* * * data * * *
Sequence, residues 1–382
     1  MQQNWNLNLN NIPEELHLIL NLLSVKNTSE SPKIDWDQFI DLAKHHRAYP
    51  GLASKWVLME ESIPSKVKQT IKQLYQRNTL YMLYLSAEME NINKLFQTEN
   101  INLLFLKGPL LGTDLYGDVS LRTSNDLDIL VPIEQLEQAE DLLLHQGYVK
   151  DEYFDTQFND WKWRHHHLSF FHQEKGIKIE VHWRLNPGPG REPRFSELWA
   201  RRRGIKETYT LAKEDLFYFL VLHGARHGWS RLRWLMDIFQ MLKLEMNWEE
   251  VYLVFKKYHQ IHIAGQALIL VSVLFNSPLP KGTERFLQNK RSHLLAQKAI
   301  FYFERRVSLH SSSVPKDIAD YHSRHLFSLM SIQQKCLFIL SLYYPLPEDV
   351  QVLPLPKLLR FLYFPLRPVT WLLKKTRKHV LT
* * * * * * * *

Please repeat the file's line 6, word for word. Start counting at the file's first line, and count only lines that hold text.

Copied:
   201  RRRGIKETYT LAKEDLFYFL VLHGARHGWS RLRWLMDIFQ MLKLEMNWEE